Power is gendered and as the story shifts from Bobbi’s childhood of feeling excluded from the masculine conception of it to the fear and trepidation at a young girl manifesting abilities of her own, the ways in which that occurs achieve a frightful clarity. Had Bobbi gotten her wish and been empowered by her various childhood exploits, she wouldn’t have joined the ranks of Captain America and Namor, she would have been encircled by jittery police with large guns the way that Rachel, the sixth grader holding her friends suspended above her in a rainbow bubble is in the present.
Which is where the ever lurking Jane Heap quote surfaces. “If there is anything I really fear, it is the mind of a young girl.”
It’s exploded into the dimensions of the Marvel Universe, but this is how we treat girlhood and exceptionalism as a society. When Bobbi arrives we see her throw her weight around and take command of the situation, delivering the same kind of vicarious thrill as her displays of power last issue, but as the scope of the situation becomes clear, we also see that much like it takes a team of women to achieve what this comic does, only Bobbi can cut through the absurd mystique that the police have built up around girlhood to properly understand Rachel and diffuse the situation.
On the whole this is Rachelle Rosenberg’s issue to shine on, dipping into the brightly saturated palette she’s brought to previous issues in an expanded and foregrounded way as Rachel’s power to drain color and project rainbow energy fields takes center stage. It’s as beautiful as it is silly, but of course why wouldn’t a sixth grader’s superpowers mimic the psychedelic color palette of Lisa Frank stationery sets?
As in previous issues, Kate Niemczyk’s art remains the center of gravity that the comic revolves around, using her style to establish the tone and properly convey the inflection of Bobbi’s dialogue. Without fluid movement or audio, tone can be difficult to discern or pin down in a nuanced way, especially when presented in captions where facial expressions can’t be used to point the way. Instead, Niemczyk provides contextual clues in Bobbi’s demeanor in the panels accompanying the captions, allowing for a synthesis with Cain’s word choices that reads as a particularly dry sense of humor.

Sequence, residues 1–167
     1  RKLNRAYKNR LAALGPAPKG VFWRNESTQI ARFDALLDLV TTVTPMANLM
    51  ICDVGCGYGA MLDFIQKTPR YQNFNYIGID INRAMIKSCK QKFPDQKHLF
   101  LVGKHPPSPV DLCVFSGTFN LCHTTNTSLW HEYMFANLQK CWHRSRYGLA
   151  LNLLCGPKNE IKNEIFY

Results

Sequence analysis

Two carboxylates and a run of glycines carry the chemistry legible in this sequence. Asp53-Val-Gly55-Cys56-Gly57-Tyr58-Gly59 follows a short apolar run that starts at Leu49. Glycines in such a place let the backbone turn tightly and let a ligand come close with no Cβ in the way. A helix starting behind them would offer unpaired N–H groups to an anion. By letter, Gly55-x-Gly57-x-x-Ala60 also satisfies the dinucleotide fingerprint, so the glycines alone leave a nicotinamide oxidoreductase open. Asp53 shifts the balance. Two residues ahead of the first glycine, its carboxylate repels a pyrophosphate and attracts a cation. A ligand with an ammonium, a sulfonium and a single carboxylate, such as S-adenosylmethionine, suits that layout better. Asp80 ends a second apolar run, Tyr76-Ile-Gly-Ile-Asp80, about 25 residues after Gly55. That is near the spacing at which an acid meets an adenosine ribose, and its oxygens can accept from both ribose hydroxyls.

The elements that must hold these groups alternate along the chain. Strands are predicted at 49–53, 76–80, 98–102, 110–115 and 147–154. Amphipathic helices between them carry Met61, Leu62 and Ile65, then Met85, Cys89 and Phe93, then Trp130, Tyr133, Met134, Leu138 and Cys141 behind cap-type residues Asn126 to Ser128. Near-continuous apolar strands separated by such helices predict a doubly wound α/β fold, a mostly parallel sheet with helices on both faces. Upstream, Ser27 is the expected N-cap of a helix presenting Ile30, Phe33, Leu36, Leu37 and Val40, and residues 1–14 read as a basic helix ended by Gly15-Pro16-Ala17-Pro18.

For all its surreality, hypersaturated colors, and sarcastic delivery, Mockingbird remains a deeply thoughtful book that goes beyond simply referencing or paying homage to the pressing issues of contemporary womanhood, but weaves them right into the mythic structure of the universe it lives in, doing so in a way that no other female superhero book on the stands is able to.
The lion’s share of female protagonists in mainstream comics are presented as twenty-something misfits who struggle to achieve a balance between personal, professional, and heroic concerns, and while there’s certainly a lot of fun to be had with that conception in books like Patsy Walker a.k.a Hellcat, Harley Quinn, and Starfire, Mockingbird’s conception of Bobbi as a Grown Ass Woman who has moved beyond those issues to achieve not just balance but virtual superiority over her peers comes as a breath of fresh air. Character flaws as the end all be all of relatability in female heroines is an ongoing problem in a medium that was founded on creating fantasy and aspirational figures for boys and young men.
Imagine a pop culture landscape with no alternative to the perpetual girlishness of Ariana Grande and Taylor Swift. Music without the fully realized womanhood of Beyonce or the transgressive thrill of Rihanna’s aggressive sexuality. Television where Pretty Little Liars, Girls, and Broad City rules the landscape with no Good Wife, How To Get Away With Murder, or Scandal as a counterbalance. That is, for the most part, where we find ourselves in comics.
Bobbi Morse doesn’t meet us where we are or recapture where we’ve been. She gives us something to root for and aspire to. The kind of figure she was denied in her own youth.
The Verdict: 9.0/10